Texas is as varied as it is huge. From historic sites commemorating events which changed the course of American history, to natural wonders, esteemed museums and family-friendly theme parks, the Lone Star State has no shortage of things to do.
It can be a lot to take in, so here’s a quick and definitive guide to the top 20 tourist attractions in Texas, for those who dare to make the 16-hour drive (12 if you drive like a Texan) across the state in search of them.
SeaWorld San Antonio
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An oasis in the middle of Central Texas, SeaWorld San Antonio is one of the world’s largest marine-life theme parks. It covers 416 acres (168 hectares) and features nautical rollercoasters, a water park and a vast menagerie of sea creatures, including five of the last generation of performing killer whales; the park is moving towards a plan to replace the show with more naturalistic orca encounters in the coming years.
Located well off the beaten path – about 26 miles (42 kilometers) northwest of the city of Marfa – is Prada Marfa, a permanent art installation by artists Elmgreen and Dragset designed to resemble one of the luxury fashion house’s boutiques. Drawing inspiration from pop art, the installation was unveiled in 2005, intended to gradually degrade into the landscape over time and make a statement about materialism. The installation has become a must-visit for both well-heeled travelers paying homage to the brand and everyday wanderers, with its beauty, cultural significance and prolific coverage in the media making it a popular pilgrimage.
Six Flags Over Texas is a point of pride for Texans. Located just a stone’s throw from Dallas, in Arlington, Six Flags is one of the top kids’ attractions in the state, but it also draws droves of “big kids” up for the thrill of a rollercoaster or just some family fun. Home to the New Texas Giant, the aptly named Texas SkyScreamer (the second-tallest attraction of its kind in the world at 400 feet (122 meters) of pure terror) and multiple Looney-Tune-themed rides, the park has something for everyone.
The Alamo, the historic Spanish mission in the heart of San Antonio, was the site of one of the state’s most historic battles. In 1836, Mexico’s president and military captain Antonio López de Santa Anna (known as the Napoleon of the West) defeated a contingent of Texian troops here following a 13-day siege. Today, it is a designated UNESCO World Heritage site and a must-see for anyone interested in the rich cultural history of Texas, both before and after it became part of the Unites States.
For those looking to get away and commune with nature, there is no better place to be than Texas’s Big Bend National Park. The desert paradise, separated from neighboring Mexico by the Rio Grande, is blooming with over 1,200 plant species and encompasses the peaks of the Chisos Mountains. Known for its hiking and backpacking trails, the park attracts more than 350,000 visitors annually – many of whom are avid birdwatchers, drawn by the park’s 450 resident species. Certified as an International Dark Sky Park, Big Bend reportedly has the darkest skies in the continental US, making it an ideal place to stargaze.
The San Antonio Zoo is an essential experience for anyone who loves animals. Kids who like the outdoors will particularly enjoy Kronkosky’s Tiny Tot Nature Spot – the nation’s first zoo exhibit designed for younger children – while curious under-fives can get up close and personal with nature in the 1.5 acres of the park designed just for them. With bug safaris, a sandy “beach,” activities such as making treats for the zoo’s monkeys and plenty of opportunities to come face-to-face with various wild things, there’s a good chance the next Irwin (Steve, Bindi or Robert) will have more of a Texas twang than an Aussie accent.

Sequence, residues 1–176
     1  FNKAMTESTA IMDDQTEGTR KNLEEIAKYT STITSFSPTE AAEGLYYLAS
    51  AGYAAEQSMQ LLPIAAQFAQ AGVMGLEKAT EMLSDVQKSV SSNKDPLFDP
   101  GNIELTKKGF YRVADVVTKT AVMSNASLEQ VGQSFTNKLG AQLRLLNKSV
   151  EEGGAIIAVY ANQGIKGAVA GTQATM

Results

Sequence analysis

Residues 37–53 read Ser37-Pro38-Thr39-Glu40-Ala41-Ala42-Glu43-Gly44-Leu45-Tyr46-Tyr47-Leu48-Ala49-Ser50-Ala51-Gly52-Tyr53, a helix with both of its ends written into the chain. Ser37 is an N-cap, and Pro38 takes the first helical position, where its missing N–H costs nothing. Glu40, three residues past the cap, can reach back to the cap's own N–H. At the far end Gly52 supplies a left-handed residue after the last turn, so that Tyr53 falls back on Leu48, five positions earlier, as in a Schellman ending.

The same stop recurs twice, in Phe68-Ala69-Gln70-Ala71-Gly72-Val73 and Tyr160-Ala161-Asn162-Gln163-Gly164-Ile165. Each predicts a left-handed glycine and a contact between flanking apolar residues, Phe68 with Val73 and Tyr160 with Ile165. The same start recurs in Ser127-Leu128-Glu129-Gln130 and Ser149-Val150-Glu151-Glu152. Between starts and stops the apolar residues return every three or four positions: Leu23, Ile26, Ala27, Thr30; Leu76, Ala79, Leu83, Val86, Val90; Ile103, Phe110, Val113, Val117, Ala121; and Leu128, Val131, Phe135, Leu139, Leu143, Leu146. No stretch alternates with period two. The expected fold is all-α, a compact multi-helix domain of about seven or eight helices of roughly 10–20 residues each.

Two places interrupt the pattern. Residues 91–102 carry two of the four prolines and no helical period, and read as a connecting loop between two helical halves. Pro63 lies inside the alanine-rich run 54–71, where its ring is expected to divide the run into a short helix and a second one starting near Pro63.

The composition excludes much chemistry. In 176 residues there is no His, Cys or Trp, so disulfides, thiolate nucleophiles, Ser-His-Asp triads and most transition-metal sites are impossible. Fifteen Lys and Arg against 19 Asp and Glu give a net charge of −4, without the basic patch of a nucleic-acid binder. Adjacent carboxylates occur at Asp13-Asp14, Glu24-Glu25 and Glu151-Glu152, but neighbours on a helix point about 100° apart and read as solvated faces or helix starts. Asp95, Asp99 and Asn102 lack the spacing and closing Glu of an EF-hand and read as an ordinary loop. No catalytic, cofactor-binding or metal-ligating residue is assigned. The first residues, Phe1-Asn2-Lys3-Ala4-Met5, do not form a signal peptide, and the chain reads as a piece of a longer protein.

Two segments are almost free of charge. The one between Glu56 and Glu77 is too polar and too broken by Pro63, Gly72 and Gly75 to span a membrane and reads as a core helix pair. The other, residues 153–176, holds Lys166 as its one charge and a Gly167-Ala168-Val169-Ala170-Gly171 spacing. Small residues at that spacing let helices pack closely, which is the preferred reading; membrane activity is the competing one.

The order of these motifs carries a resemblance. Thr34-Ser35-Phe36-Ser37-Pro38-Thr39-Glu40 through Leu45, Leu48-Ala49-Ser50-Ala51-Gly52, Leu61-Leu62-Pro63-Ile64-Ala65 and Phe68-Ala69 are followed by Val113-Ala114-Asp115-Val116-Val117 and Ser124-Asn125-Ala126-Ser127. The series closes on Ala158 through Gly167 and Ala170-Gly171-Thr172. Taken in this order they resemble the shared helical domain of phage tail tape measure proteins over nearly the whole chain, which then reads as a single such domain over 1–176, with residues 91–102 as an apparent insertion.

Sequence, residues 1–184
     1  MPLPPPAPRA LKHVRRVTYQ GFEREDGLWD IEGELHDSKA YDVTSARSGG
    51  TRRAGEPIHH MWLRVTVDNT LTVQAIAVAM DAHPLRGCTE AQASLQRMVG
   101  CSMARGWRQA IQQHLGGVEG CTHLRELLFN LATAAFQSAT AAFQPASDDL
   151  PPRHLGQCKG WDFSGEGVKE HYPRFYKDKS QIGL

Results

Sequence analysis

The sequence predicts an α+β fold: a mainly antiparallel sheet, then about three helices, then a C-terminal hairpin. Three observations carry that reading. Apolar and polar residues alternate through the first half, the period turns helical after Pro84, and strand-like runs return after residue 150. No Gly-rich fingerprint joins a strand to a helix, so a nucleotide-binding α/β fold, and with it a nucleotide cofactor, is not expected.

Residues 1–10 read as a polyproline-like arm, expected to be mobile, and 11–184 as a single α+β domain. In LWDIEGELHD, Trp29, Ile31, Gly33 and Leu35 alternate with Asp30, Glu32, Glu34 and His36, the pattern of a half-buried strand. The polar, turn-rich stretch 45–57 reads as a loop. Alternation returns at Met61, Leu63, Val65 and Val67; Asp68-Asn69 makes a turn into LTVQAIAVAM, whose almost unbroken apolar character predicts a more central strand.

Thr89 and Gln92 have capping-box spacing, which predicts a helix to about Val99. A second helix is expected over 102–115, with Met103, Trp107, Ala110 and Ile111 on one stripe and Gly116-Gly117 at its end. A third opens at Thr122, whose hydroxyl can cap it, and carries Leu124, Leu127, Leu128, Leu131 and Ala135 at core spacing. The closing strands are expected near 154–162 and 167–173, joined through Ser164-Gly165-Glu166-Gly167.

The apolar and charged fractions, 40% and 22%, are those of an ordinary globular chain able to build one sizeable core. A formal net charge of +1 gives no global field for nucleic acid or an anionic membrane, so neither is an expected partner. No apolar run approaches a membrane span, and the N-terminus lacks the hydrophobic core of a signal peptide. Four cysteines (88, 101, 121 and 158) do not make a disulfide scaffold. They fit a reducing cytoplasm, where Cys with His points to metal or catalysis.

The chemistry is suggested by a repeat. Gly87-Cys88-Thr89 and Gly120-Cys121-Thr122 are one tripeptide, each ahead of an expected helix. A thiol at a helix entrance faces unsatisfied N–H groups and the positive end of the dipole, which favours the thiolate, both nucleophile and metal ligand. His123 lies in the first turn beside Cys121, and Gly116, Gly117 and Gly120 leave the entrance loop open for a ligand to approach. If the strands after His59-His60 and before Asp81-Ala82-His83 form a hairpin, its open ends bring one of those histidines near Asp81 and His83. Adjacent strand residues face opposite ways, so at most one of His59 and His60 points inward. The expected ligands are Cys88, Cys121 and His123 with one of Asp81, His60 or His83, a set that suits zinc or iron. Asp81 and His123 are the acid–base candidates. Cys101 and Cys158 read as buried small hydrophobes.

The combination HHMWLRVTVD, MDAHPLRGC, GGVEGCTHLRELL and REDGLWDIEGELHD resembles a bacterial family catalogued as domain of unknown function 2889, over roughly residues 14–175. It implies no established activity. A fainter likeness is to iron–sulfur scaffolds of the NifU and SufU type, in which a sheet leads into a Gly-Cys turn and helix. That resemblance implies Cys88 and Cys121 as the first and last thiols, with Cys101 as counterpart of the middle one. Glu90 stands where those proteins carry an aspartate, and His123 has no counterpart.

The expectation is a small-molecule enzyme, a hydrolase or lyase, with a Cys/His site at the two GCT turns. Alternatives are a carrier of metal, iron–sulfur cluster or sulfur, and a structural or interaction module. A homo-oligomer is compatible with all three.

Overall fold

Visitors might be surprised to find that Texas boasts excellent beaches and bays, but for those wanting the real “boardwalk experience” (or nostalgic former East Coasters yearning for Coney Island), the Kemah Boardwalk is the only place to be. Only 20 minutes south of downtown Houston, the 65ft Ferris wheel and 35 acres of midway games, rides and food overlooking Galveston Bay make this a perfect excursion for families and fun-loving adults who’ve conquered the best the city has to offer and are ready for something a little different.
With the highest posted speed limit in the country, Texas is a perfect place for a raceway, and Austin is an ideal spot to host the first track in the United States specifically built for Formula One. Since opening in 2012, Circuit of the Americas (COTA) has quickly become one of the city’s top attractions, expanding beyond its initial mission as a destination for world championship racing into a full-on entertainment center hosting other events such ESPN’s X Games. Its amphitheater is the largest in Central Texas, and its stage has seen some of the biggest concerts in the Live Music Capital of the World. With a soccer stadium currently being built on its grounds for Austin’s professional soccer team, Austin Bold FC, COTA’s drawing power is sure to increase in the coming years.
Most folks have never heard of Operation Texas, in which Lyndon B Johnson allegedly masterminded an undercover operation to spirit Jews away from Nazi persecution and relocate them to the Lone Star State. Fortunately, Holocaust Museum Houston keeps this and other stories of the Holocaust alive and accessible to a new generation.